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Is Matter Around Us Pure Notes: Class 9 CBSE Revision Material

Is matter around us pure notes

Is Matter Around Us Pure Notes:

Do you know you can save a lot of time by reading class 9 notes of science? The fully packed study material, as well as revision notes, are included in “is matter around us pure notes”. It includes pure and impure substances, mixture with its types, solutions, suspension, colloids and depuration of mixtures. Read and learn it to score better in the exams.

classification of matter is matter around us pure NCERT


Anything that occupies space and has mass and volume is matter.

There are mainly two types of matter:

  1. Pure substances
  2. Impure substances or Mixtures

Pure substances:

The material which is consisted of only one type of atoms or molecules throughout is said to be pure substances. Here in ‘is matter around us pure notes’ we will read more about pure substances.

Pure substances are of two types:


  • Elements are made up of only single type of atoms.
  • Each atom in the element is identical.
  • It is a basic form of matter that cannot be broken down into simpler substances by chemical reactions.
  • Different elements have different type of atoms.
  • Gold, silver, Iron are some examples.


  • Compounds are made up of only single type of molecules.
  • When two or more elements combine in a fixed ratio by mass then a compound is formed.
  • H2O (water), NO­2(Nitrogen dioxide) are its example.
  • There is little to read about compounds in is matter around us pure notes.

Properties of compounds:

  • Compound is considered as the homogeneous substance with definite composition.
  • It has fixed melting and boiling point.
  • During the formation of compound energy is evolved in the form of heat or light.
  • By applying suitable chemical methods we can split compounds into its constituent elements.

Impure substances (Mixtures):

When two or more different types of atoms and molecules which do not react with each other are mixed randomly (any proportion) then the material formed is said to be a mixture. there are categories of impure substances mentioned in is matter around us pure notes.

Properties of mixtures:

  • It can be Homogenous as well as Heterogeneous.
  • There is variable composition of a mixture.
  • Melting and boiling point of a mixture is not fixed in a mixture.
  • During the formation of mixture, there is neither release nor absorption of energy.
  • The property of mixture is defined by the properties of its constituents.

Mixture is of two types:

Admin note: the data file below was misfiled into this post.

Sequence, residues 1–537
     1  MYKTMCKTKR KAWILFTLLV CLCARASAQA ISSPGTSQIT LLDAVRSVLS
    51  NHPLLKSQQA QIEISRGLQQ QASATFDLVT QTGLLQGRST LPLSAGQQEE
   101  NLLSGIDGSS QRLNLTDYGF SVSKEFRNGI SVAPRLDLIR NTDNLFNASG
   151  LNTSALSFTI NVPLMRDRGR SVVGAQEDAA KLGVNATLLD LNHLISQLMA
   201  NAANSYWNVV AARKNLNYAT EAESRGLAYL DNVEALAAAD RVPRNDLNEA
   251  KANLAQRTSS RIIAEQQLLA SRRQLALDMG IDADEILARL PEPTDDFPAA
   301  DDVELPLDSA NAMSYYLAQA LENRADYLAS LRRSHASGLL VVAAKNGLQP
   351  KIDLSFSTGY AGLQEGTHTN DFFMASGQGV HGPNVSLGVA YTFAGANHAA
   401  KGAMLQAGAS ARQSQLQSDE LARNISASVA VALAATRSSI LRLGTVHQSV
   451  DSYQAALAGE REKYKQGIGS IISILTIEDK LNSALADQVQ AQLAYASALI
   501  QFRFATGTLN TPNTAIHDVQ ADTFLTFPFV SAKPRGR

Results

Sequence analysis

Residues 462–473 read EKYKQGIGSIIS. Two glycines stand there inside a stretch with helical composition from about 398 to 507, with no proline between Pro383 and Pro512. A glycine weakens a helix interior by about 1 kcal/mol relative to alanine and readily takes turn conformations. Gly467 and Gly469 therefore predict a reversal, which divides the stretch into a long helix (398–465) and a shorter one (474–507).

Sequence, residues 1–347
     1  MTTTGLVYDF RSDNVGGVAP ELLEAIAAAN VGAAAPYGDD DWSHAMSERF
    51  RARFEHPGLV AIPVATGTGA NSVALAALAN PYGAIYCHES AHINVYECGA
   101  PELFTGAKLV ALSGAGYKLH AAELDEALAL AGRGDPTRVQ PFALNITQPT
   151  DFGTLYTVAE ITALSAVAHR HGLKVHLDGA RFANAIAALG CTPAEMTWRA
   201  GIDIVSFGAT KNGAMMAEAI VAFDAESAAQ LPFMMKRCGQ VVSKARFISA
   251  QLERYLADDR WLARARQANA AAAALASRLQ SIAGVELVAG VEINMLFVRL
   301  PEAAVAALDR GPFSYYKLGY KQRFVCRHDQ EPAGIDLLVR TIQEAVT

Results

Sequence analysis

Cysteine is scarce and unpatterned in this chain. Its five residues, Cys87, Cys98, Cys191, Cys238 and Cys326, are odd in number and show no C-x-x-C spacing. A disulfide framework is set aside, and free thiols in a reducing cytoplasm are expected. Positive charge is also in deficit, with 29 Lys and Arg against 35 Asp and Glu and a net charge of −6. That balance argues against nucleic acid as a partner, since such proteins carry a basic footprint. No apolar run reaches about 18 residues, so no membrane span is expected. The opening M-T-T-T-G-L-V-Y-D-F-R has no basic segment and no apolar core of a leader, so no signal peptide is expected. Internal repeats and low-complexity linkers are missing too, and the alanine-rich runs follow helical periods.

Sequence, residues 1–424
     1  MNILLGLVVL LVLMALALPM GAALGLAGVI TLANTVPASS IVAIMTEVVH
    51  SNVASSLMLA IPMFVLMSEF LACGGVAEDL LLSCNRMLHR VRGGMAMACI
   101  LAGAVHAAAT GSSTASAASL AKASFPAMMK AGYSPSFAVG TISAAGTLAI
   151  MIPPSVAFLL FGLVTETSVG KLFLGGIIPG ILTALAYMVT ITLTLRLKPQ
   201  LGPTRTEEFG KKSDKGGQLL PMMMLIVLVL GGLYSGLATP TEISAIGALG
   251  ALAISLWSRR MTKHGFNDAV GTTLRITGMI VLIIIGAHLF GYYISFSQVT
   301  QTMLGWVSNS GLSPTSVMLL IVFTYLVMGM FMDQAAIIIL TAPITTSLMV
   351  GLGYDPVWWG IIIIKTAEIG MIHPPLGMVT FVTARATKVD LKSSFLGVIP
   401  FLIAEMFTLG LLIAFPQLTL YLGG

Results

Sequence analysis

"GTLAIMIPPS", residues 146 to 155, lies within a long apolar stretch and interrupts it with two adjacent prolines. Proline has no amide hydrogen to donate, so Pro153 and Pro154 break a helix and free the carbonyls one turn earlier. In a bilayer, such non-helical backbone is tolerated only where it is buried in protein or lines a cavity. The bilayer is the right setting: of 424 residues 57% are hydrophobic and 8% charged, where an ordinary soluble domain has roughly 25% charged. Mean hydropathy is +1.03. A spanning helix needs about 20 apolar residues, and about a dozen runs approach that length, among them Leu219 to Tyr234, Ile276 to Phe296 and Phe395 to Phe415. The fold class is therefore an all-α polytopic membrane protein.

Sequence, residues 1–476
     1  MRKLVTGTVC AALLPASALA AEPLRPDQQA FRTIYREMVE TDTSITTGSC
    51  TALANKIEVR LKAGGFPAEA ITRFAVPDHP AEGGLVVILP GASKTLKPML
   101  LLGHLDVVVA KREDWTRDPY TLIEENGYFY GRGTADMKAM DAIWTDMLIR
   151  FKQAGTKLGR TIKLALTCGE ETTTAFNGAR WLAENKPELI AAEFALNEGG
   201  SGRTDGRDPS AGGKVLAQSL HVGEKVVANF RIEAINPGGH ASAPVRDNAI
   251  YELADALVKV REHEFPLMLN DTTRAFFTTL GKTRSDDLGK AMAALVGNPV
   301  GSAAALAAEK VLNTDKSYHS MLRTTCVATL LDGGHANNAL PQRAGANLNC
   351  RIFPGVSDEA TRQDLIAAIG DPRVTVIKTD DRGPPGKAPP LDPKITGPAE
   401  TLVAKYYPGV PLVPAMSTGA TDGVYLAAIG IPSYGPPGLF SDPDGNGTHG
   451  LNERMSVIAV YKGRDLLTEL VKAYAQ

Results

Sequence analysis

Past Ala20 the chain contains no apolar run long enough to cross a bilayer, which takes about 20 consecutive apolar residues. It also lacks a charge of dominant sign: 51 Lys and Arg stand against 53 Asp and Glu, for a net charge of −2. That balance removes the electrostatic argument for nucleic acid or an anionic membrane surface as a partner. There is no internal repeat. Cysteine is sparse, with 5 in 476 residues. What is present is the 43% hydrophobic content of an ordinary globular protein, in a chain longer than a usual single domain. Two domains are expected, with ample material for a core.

1. Homogeneous Mixture
  2. Heterogeneous mixture

Homogeneous Mixture

  • It has fixed (uniform) composition.
  • There are no visible boundaries of separation between the mixed components.
  • Mixture of salt and water is the example of homogenous mixture.

Heterogeneous Mixture:

  • It’s composition is not uniform they are not uniformly mixed.
  • There are visible boundaries of separation between their components.
  • Mixture of oil and water or sand and water is the example of heterogeneous mixture.
  • Is matter around us pure notes contains all the information you should know.


  • The homogeneous mixture of two or more substances is said to be solution.
  • Lemonade, soda water is the examples of solution.

Properties of solutions:

  • Solution is homogeneous mixture.
  • Solution has particle size (diameter) less than 1nm (10-9m).
  • We can’t see particles of a solution even with a simple microscope.
  • Scattering the light (Tyndall effect) is not observed in a true solution.
  • The best thing about solution is that it is stablee. when left undisturbed, solute particles doesn’t settle down.
  • By simple filtration, we can’t separate solute particles from solution.
  • What information is essential for the notes is given here in is matter around us pure notes.

Components of solution:

There are two components of a solution:

  1. Solute: The component of solution which is dissolved and is present in less amount as compared to the solvent is said to be solute. Sugar, salt etc. are solute.
  2. Solvent: That component of the solution which dissolves the solute in it and is present in a large amount is said to be solvent. Water (universal solvent), alcohol etc. are examples of solvent.

We will read more about solvent in higher classes however is matter around us pure notes is sufficient for now.

Types of solution:



Solid in liquid Salt in Water
Liquid in liquid Alcohol in water
Gas in liquid Compressed CO2 in
carbonated drinks
Solid in Solid Different metal alloys
Gas in Gas Environmental air
Liquid in Solid Amalgams
Gas in solids Adsorbed gases on the
surface of different metals.
Solid in gas Camphor in air
Liquid in gas Clouds and fogs